A guide to New York galleries

New York has an impressive array of Art Galleries and private dealers

New York is still arguably the capital of the art world despite the globalization of the art market. Art in America's "2004 Guide to Galleries, Museums, Artists" lists 837 galleries, exhibition spaces, auction houses and museums in New York City. Add the resources of the surrounding area and the number comes to well over 1,000.

For the new collector this array of art can be overwhelming but with a bit of study New York provides the would-be collector, the established collector, or those who just delight in the visual arts the opportunity to experience and/or purchase art like no other place in the world.

For those living in New York there is an unceasing schedule of changing exhibitions. For those visiting New York there are blockbuster exhibitions at the museums, retrospective exhibitions of major artists and cutting edge art to see. For artists, New York is "the" market and to have a New York gallery is the mark of success.

The monetary impact of the New York art scene is so significant that over the years New York banks have offered specialized services to collectors, while auction house prices are as closely watched as the stock market.

There are a wide variety of ways to approach New York galleries. One can visit them in the various geographical areas of the city: uptown; midtown; downtown; and outlying areas.

Uptown galleries have the advantage of being close to some of the great museums of New York like the Metropolitan Museum of Art, the Solomon R. Guggenheim Museum, and the Whitney Museum of American Art, or smaller venues like the Frick Collection or the National Academy of Design. It is not unusual to find exhibitions at the museums complimented by exhibitions at nearby galleries featuring the name artists or work from the same period.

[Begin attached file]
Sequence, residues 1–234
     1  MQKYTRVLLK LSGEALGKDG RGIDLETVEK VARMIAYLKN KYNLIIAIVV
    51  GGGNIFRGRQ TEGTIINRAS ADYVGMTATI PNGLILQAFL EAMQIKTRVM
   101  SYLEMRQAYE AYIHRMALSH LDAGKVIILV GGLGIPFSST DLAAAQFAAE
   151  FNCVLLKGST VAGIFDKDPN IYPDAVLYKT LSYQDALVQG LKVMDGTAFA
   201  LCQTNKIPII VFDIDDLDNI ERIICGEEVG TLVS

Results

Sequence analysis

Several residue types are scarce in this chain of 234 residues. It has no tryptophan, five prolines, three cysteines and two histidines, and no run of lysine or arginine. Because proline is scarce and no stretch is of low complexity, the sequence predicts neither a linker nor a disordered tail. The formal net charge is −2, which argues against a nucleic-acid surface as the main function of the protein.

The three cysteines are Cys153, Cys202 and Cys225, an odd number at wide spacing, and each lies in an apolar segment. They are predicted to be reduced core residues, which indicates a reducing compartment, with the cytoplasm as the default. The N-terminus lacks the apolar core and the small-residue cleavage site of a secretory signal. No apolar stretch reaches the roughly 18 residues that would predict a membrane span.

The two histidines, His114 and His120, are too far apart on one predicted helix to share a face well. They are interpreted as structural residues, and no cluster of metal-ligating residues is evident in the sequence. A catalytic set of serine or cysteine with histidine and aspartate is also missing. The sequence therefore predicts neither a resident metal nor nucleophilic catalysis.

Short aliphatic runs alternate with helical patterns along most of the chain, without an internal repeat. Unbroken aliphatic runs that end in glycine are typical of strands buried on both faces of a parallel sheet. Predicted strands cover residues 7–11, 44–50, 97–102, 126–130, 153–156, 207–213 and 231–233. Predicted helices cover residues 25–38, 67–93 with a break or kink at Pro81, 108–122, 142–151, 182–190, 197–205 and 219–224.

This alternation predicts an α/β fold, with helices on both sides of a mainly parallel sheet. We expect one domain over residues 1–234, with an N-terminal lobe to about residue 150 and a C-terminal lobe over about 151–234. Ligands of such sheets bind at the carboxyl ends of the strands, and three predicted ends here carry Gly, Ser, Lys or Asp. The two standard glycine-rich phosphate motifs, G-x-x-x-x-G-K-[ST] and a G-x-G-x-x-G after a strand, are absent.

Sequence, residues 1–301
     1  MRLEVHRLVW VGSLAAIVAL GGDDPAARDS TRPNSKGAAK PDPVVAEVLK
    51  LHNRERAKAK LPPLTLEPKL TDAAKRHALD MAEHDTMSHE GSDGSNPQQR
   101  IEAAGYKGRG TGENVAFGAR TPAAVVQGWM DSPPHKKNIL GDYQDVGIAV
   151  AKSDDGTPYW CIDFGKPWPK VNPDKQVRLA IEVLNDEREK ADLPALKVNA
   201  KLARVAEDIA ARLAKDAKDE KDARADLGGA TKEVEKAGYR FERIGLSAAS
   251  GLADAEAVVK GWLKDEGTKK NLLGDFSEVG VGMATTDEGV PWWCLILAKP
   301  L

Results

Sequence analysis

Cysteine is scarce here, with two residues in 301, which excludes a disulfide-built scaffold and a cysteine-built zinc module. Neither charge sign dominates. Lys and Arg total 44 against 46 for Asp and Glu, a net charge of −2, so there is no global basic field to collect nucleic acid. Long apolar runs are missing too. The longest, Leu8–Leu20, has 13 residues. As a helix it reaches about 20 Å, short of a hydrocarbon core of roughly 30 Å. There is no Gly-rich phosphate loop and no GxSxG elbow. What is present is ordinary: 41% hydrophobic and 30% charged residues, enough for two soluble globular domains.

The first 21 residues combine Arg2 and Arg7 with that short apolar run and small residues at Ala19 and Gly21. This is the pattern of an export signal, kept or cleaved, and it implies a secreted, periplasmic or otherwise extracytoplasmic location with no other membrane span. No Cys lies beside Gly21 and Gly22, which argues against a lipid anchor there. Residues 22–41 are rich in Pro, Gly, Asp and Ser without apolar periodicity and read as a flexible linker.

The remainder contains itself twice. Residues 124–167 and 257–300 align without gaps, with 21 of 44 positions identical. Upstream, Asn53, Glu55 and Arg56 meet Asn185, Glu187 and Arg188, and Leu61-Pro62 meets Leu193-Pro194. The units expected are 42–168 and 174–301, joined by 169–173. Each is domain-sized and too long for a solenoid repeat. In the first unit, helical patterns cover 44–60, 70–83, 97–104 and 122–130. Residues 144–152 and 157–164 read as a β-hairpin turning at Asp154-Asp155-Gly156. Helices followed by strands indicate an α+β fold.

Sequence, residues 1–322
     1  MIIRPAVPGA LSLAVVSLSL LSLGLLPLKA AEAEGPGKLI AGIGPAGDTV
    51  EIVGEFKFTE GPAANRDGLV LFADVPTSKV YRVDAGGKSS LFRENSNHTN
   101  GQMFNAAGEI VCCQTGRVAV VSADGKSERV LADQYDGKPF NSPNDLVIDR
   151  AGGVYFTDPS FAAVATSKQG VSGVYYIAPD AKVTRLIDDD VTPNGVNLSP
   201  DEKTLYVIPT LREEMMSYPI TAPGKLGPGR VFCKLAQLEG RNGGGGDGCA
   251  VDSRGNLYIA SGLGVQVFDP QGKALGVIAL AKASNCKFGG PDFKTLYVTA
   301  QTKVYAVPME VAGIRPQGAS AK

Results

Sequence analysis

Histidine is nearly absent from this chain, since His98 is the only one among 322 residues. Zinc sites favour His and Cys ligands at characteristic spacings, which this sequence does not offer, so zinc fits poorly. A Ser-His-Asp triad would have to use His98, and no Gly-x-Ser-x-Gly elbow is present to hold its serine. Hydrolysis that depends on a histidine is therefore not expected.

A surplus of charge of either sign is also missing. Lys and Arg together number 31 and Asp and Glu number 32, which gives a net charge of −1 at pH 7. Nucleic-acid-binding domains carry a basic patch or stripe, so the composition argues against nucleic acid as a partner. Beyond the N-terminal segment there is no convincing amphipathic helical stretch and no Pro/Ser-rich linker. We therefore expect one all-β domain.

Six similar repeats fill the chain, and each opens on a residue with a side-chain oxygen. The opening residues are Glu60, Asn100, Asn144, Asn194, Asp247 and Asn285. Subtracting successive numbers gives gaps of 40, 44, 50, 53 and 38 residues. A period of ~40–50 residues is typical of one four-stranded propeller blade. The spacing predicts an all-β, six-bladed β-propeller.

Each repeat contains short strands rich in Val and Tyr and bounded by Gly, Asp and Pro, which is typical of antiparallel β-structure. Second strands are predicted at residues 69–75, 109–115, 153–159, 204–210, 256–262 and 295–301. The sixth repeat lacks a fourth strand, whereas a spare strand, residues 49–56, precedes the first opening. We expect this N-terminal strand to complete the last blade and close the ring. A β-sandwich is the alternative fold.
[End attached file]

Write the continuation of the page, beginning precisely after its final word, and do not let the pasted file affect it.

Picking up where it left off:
For example, take Berry-Hill Gallery which features 18th-, 19th-, and early 20th- century American paintings and sculpture, old masters, French Impressionism, modern paintings, and contemporary art. Or visit Hirschel & Adler Galleries which features American and European paintings, watercolors, drawings, American prints of all periods, American furniture and decorative arts from 1890 to 1910. Also uptown are some of the great European galleries; American outposts like Wildenstern and Co. which features Old Masters, Impressionist and modern paintings and drawings. Or see the Leo Castelli Gallery which features contemporary paintings, drawings, and sculpture.

Midtown - with the Museum of Modern Art and The American Folk Art Museum - offers its own wide array of galleries, especially in the 57th Street area. For example, The Pace Wildenstein Gallery which offers modern and contemporary paintings, drawings, sculpture, and video; at the same location are Pace Master Prints, Pace Primitive Gallery, Pace Prints, and Pace/McGill Gallery which features 20th- Century photography. Or see nearby James Robinson, Inc. which features antique jewelry, silver, objects, porcelain and glass. Of interest to collectors of American art are the Spanierman Gallery or the Katharina Rich Perlow Gallery in the famous Fuller Building on East 57th Street.

The third major area of concentration are downtown which begins with Soho and spreads throughout lower Manhattan. Some of the original galleries are O.K. Harris Works of Art which features contemporary painting, sculpture and photography, collectibles and Americana. Nearby in the Nancy Hoffman Gallery which shows contemporary painting, drawing, photography, and sculpture.